RB: A lot of her life is in Iowa and she is living in New York?
SS: Much of her early life. She’s from Moline.
RB: Moline, Ill.—the tri-cities.
SS: Quad cities. It’s funny you said “tri”, because no one can ever think of the fourth one.
RB: And none of your books have been made into movies?
SS: Two have. Endless Love was a movie. And Waking the Dead.
RB: Oh yeah, with Jennifer Connelly. And about the other eight books—do you care?
SS: [pause] My first experience at having a book made into a movie was mixed. Endless Love was a very successful book. And then I got movie money. I had a kid that was just born at the same time—so to have all that happen was pretty great. On the other hand, the movie was not very good and kind of besmirched the book.
RB: I don’t remember seeing it.
SS: Franco Zeffirelli made it with Brooke Shields, and it had this song by Lionel Richie and Diana Ross.
RB: No wonder—I couldn’t imagine connecting you to that kind of movie.
SS: Well, thank you.
RB: Sounds saccharine and—
SS: These were problems, but they were better problems than I had before. [laughs]
RB: So are you done with this book—does it still occupy your thoughts?
SS: I am not done with this book completely because I am setting my next book in Leyden—it’s possible that one or two of the characters from this novel will walk through the next one, also. I am starting to use that setting as—I have been using it all along but I am starting to think about filling in everything about it. Maybe getting seven or eight books out of it—I don’t know.
RB: Would you revisit Paul’s situation?
SS: [long pause] I might revisit the aftermath of it. Not directly. I may be done with him except for a little bit—except for a little bit. He is hard to write.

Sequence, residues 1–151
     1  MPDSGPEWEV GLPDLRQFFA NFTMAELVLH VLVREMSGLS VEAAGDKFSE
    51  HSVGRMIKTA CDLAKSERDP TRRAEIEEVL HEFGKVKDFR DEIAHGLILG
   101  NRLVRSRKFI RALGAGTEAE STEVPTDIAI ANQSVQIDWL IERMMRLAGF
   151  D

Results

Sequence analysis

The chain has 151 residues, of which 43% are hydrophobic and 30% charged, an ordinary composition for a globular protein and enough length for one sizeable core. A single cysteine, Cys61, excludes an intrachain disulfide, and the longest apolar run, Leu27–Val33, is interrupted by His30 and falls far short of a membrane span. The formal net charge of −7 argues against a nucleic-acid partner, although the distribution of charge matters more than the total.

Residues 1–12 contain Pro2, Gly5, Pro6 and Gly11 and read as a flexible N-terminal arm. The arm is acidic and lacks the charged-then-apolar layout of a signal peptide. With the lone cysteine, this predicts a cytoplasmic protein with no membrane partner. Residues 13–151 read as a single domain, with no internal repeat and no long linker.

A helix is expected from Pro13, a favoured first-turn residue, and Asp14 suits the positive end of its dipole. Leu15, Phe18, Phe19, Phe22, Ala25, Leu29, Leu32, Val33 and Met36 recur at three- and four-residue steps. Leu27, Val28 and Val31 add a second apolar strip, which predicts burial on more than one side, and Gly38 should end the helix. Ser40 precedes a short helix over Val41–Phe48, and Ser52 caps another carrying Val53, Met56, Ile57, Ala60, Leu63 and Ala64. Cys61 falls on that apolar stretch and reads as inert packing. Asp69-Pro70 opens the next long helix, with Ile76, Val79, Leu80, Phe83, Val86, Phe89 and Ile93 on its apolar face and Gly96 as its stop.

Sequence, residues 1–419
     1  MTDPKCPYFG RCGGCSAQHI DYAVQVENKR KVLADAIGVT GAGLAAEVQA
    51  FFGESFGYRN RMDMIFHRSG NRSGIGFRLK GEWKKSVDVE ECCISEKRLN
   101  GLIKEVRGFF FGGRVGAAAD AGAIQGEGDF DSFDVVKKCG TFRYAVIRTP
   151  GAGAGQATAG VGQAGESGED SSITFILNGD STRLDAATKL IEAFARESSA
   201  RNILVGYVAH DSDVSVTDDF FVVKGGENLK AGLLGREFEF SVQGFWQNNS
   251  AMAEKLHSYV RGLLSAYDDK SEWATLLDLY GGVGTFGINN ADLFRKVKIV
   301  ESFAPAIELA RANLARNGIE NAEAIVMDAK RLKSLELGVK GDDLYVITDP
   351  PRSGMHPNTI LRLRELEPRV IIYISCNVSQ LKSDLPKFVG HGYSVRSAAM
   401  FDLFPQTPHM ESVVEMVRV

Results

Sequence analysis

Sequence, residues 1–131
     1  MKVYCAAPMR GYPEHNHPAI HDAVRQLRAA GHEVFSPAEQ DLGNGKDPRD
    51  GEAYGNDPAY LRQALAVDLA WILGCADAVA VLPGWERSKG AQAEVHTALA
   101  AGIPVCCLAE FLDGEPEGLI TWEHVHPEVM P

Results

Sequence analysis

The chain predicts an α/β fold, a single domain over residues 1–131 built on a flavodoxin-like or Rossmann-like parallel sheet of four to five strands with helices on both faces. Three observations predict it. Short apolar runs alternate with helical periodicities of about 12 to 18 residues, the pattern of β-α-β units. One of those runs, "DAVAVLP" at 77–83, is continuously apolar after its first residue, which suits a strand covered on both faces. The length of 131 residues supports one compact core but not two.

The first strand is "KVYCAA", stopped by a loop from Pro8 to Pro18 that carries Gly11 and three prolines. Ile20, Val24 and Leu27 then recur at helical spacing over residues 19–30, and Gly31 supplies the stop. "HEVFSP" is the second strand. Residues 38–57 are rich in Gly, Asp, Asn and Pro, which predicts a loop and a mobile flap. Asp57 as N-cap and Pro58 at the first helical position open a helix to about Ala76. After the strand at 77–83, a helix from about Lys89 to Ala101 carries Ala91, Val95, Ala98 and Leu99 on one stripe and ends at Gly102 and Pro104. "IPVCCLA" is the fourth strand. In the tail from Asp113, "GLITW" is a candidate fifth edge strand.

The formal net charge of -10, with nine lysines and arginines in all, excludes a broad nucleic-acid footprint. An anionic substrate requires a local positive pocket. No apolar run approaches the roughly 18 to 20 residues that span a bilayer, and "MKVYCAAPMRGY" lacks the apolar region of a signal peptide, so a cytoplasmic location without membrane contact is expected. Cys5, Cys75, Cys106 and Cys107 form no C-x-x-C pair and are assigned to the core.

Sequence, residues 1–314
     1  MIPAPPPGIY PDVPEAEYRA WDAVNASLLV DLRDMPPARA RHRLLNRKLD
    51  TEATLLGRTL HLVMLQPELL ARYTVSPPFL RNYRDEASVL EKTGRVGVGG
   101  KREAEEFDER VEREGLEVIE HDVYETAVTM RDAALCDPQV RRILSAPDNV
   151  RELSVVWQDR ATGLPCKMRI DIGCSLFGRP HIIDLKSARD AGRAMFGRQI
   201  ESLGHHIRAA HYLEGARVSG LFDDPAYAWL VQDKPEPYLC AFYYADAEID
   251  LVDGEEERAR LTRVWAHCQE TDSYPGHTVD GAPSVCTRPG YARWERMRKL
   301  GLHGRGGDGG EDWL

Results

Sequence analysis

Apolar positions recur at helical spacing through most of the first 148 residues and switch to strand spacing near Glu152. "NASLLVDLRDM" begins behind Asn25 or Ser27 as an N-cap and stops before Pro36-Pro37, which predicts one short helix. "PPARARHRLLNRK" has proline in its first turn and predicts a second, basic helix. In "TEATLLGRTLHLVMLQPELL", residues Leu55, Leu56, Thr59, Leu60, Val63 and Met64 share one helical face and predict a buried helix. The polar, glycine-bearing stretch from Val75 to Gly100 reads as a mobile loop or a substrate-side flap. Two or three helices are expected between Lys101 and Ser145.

RB: What about Shep? [laughs]
SS: Shep’s in Philadelphia. [laughs]
RB: I know. [both laugh]
SS: Paul was really hard to write for me—he is not very verbal. And most of my protagonists have been pretty verbal. As a writer it is easier for me to conceive of someone—
RB: You let them talk.
SS: You let them talk, let them deal. The word choices, the humor. Paul’s not funny. So I really had to make everything he said count. I believed in him and I believed he was really smart. But I needed that smartness to come through in different ways than just snappy repartee.
RB: So you used his girlfriend as his mirror.
SS: Exactly. And that’s one of the reasons I brought her back from Ship Made of Paper. She had a lot of the best lines in that book and even though she was not the most likeable person in that book, I gave her a pass because she was half drunk and so I sobered her up—she is still a pretty good talker.
RB: So she may be back?
SS: She might. The next book is definitely not about her.
RB: Have you started the next book?
SS: Sort of.
RB: In your head?
SS: A little bit in my head. A little bit on the page. I am still trying to figure out the best way in.
RB: Does the role of the [for the purposes of this conversation] successful writer interfere with writing? You have to spend much time traveling to talk about your book?
I don’t like it when I am not involved with reading a book. It’s like a little atmosphere where you can go to and something to look forward to and it’s this alternate life that you have going on the side.SS: Not very much.
RB: No 30-city tours?
SS: No, I’m doing four or five and they are all in the Northeast, except I am doing Miami and maybe one other place that’s far away. It’s not too bad. It’s not too much to ask of a writer—I don’t really like to hear writers complain about their work. What we do is a lot less taxing than what my father and his friends had to do.
RB: Do you have any non-literary writing goals or ambitions?
RB: No climbing Mt. Everest?
SS: Everything in my life, [pause] except for my family life, revolves around writing. I do other things. I play poker. I play tennis. But it’s really just to relax in between writing. Nothing else really matters to me.
RB: This could get more extreme as you get older and more sedentary, right?
RB: No tennis—
SS: I worry about that.